Dollars and Jens
Monday, May 31, 2004
That Company Whose Financials I Complained About Last Week
I'd just like to mention that I'm a little less cynical than I was then, but I'm still wary. According to more recent financial statements, that weird put option is no longer on the books. I'm investigating the tax accounting thing -- if anyone knows anything about the "asset and liability method" of tax accounting (and/or SFAS 109), please let me know.
Friday, May 28, 2004
Weird Financial Statements
For my internship, I'm populating a spreadsheet with financial data on a company which seems to have written a put option on its own stock. Of course, considering how many calls they've been writing on their stock, it probably balances out. These call options are disclosed in the footnotes, natch, not on the income statement itself -- for one recent quarter, they would have eaten 90% of income.
I'm also somewhat concerned that they don't have a line for income taxes. They have operations. They have (a very little) income from operations. Even if they don't have to pay cash taxes -- and this company does have plenty of accumulated deficits -- shouldn't there be a line for deferred taxes?
All this leads me to wonder whether I'm wasting my time on this spreadsheet. If a company isn't worth buying at any price, there's no point in working out a detailed model, is there?
UPDATE: My mistake -- they didn't write a put option, they sort of bought a put option, but they're required to exercise some of it (so it's part put, part future). The exercise price is based on the market value at time of exercise, and is at a discount to the market price. Maybe it's the only way they could raise capital.
Wednesday, May 26, 2004
Oil dropped 70 cents, to still over $41. There was a strong housing report, and a very slightly better than expected confidence number; I think one reason or another got it started and traders chasing their tails kept it going.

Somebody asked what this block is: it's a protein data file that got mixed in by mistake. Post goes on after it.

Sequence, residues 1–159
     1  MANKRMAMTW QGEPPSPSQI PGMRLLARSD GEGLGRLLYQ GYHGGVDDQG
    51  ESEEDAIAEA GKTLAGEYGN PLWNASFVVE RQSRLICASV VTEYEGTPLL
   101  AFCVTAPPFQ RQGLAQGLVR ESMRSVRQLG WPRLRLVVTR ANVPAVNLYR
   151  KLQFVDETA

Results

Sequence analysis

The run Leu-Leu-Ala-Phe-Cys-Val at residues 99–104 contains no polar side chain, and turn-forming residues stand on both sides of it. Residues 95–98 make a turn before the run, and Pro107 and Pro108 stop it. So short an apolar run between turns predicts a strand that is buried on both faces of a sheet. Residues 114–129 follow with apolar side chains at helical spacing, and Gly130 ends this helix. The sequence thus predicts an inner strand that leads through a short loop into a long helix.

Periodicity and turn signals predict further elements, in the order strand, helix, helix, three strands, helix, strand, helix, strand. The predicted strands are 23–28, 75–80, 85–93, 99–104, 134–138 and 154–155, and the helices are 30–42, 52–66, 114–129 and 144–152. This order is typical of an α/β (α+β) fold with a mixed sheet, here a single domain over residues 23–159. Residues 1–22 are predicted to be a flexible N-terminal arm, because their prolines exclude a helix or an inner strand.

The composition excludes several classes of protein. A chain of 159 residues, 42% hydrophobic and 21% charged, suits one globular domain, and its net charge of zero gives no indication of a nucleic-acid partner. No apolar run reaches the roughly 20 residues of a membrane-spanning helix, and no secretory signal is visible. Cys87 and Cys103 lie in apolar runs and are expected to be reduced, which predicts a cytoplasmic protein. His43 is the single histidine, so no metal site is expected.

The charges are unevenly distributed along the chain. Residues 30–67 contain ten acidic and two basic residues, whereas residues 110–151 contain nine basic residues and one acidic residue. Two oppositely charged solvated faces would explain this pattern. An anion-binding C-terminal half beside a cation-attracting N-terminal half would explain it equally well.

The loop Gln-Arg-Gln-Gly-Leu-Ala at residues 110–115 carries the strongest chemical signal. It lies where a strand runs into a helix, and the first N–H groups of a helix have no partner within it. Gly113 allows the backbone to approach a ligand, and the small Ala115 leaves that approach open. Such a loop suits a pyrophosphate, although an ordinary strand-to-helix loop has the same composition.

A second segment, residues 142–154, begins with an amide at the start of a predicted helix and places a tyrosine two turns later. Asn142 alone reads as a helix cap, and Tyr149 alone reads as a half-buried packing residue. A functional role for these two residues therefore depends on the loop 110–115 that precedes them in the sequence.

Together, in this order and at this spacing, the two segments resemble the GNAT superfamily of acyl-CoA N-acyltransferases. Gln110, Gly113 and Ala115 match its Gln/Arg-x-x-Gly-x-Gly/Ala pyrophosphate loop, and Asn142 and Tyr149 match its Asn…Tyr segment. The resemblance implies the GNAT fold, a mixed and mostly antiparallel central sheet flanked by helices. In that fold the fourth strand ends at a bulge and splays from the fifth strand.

Tuesday, May 25, 2004
I don't pay as much attention as I once did to daily movements in the stock market, but I've noticed a few stories, including an email alert from the Journal, attributing today's substantial rise in the stock market to decreasing oil prices. But I checked prices on some oil/gas producers, and they're all up, too. So I'm wondering whether something else is at work here.
I'm not wondering enough to try to figure it out. But I am wondering.
More Personal Stuff
Since I blogged job-search related stuff a few days ago, I thought I'd mention this as well.
I had a phone interview Monday with a company which I respect quite a bit (and like even more after talking to them). I'd have to relocate. I think I'd accept a job from them immediately if they were around here. As it is, I'd have to think about it.
I think the interview went relatively well -- not perfectly (when does it ever?), but well. There was one point at which one of the guys (their voices were too similar for me to distinguish) announced that he was going to ask me some accounting questions, and my heart stopped for a moment. Then he asked why a company might report growing earnings and shrinking cash flows from operations. "Oh," I thought, "so not hard accounting questions." I had feared the sort of thing I've been studying for my CFA test, such as consolidation of foreign subsidiaries that use different currencies.
Re:2 Derivatives and promotion
I assume the reason the fed funds futures, eurodollars, the CPI index, etc. are quoted the way they are is because it is expected that T-bill traders will be interested in them. The price of a 1-year T-bill is 100 minus the interest rate, in a certain sense of the word "interest rate".
Monday, May 24, 2004
Re: Derivatives and Promotion
Inflation is certainly similar to an interest rate, in being a cost of stuffing your money under the mattress. But I agree more strongly with your characterization of their quoting convention as "weird". Do you happen to know why they do that?
Went shopping for an odd battery at Radio Shack this weekend. Is that the first place one thinks of for weird batteries? I was musing about this as I left; just as when I was ordering checks from Deluxe a few weeks ago, I thought, "I hope they're ripping me off, because to do otherwise would be a violation of their fiduciary duty to their shareholders."
That's a bit glib, but is the way I think. What I mean, of course, is "I hope they're getting a good mark-up on this." They have to pay the rent, and the way they do that is by charging a mark-up; the best place to get that is "wherever they can", viz. on those items on which they have the least competition.
derivatives and promotion